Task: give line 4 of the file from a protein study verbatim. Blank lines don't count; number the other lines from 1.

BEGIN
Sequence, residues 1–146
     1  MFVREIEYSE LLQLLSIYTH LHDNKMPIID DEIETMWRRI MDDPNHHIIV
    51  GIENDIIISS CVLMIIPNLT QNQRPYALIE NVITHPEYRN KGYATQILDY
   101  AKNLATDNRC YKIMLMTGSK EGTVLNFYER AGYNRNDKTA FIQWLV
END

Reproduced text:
   101  AKNLATDNRC YKIMLMTGSK EGTVLNFYER AGYNRNDKTA FIQWLV